The BBC has announced their replanned coverage of this year’s Glastonbury Festival and Eurovision Song Contest which were both cancelled due to the global coronavirus pandemic.
Both events were cancelled last week with Glastonbury bosses Michael and Emily Eavis making the following statement: “We very much hope that the situation in the UK will have improved enormously by the end of June, But even if it has, we are no longer able to spend the next three months with thousands of crew here on the farm, helping us with the enormous job of building the infrastructure and attractions.”
They added: “We were so looking forward to welcoming you all for our 50th anniversary with a line-up full of fantastic artists and performers that we were incredibly proud to have booked. We look forward to welcoming you back to these fields next year and until then, we send our love and support to all of you.”
But the BBC, who offer a vast range of coverage of both events every year have announced details of ‘Glastonbury Experience’ which will air over the weekend of when the 50th anniversary was supposed to take place at Worthy Farm.
BBC’s statement is as follows: “Glastonbury may have had to cancel its 50th-anniversary festival this June, but we are still working to mark the weekend with a Glastonbury experience to celebrate the spirit of this unique event.”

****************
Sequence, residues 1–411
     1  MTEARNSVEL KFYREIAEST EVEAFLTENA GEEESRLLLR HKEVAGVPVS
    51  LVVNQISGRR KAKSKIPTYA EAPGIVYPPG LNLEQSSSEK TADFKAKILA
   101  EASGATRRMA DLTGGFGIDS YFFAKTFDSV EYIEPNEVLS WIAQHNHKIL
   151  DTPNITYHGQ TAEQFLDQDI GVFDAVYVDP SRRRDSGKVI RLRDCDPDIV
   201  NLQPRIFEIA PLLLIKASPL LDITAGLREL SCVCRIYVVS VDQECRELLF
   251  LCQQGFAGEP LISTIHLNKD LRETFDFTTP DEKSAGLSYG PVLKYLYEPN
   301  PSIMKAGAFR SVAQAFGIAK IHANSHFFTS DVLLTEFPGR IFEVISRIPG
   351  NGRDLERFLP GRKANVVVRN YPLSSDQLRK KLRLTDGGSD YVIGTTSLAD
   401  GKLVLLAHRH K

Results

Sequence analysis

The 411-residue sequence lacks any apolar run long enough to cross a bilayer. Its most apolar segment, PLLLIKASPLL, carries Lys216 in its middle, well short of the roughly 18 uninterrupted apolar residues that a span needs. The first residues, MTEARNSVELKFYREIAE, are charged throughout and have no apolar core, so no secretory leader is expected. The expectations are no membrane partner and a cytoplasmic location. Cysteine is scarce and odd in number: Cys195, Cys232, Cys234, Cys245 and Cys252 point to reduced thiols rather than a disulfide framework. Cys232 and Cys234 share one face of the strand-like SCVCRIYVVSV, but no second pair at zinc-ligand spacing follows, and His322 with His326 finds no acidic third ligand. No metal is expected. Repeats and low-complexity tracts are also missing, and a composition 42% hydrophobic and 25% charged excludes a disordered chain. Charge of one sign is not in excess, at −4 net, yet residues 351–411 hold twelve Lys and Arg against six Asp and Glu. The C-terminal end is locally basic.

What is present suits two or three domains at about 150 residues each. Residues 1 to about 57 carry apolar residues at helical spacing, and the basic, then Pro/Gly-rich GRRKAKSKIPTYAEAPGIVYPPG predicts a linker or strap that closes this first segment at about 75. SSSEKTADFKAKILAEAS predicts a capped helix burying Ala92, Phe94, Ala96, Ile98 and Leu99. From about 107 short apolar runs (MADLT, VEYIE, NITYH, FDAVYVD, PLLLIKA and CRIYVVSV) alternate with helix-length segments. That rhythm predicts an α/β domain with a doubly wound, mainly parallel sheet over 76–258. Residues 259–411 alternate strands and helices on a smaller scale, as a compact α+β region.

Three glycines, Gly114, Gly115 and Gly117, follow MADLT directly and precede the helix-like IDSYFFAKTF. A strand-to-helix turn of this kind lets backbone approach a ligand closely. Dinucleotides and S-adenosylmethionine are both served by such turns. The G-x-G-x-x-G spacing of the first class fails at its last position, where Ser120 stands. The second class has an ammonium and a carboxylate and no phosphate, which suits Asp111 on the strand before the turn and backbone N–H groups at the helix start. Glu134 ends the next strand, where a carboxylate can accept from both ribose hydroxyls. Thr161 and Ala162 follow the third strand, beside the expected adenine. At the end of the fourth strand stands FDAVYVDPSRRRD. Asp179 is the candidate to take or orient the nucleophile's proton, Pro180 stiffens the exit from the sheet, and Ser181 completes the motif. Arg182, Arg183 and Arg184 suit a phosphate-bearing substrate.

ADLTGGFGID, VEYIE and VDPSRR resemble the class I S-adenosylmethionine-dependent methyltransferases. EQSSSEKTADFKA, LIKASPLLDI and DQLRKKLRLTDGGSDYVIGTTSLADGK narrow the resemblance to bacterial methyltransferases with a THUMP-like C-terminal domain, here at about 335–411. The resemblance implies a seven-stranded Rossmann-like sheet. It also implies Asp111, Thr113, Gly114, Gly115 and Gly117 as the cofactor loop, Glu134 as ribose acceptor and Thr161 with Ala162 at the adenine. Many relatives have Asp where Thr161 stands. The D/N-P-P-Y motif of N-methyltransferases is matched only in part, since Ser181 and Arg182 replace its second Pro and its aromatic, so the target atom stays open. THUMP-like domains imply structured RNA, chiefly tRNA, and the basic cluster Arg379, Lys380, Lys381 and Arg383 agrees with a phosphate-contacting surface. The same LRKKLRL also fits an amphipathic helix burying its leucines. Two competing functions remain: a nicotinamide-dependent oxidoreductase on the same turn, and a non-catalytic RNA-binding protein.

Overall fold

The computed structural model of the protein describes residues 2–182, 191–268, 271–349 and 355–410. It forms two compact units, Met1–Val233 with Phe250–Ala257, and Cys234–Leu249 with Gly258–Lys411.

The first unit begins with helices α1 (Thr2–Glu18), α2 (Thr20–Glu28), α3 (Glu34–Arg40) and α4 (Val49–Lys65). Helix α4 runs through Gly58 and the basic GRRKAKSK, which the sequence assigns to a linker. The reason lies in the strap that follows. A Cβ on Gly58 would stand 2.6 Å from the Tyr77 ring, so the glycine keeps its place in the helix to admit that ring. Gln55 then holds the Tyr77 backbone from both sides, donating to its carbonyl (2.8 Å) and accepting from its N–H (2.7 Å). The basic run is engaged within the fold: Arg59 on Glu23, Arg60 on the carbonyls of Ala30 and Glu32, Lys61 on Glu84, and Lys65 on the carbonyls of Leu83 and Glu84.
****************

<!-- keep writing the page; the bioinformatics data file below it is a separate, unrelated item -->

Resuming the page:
They added: “We will bring the nation together and create a weekend of the best in music across radio, television and online with amazing performances for you to enjoy in the comfort of your home. And we will be in touch shortly with more details of the weekend.”
The broadcasters also announced details of ‘Eurovision: Come Together’, which is planned to feature classic performances and takes a look at what could have happened at this years event.
The ongoing pandemic of coronavirus disease was first officially identified in December 2019 in Wuhan, the capital of Hubei in China. As of March 25th, more than 428,217 cases of COVID-19 have been officially confirmed but the actual number is thought to be much higher due to substantial under-reporting of cases.
With more than 19,101 people having died from the virus, COVID-19 has now spread into more than 180 other countries—including mainland Europe, South America and North America. Given the exponential growth in cases in countries like Italy, Spain and the UK, the WHO have now stated that Europe was the current centre of the pandemic.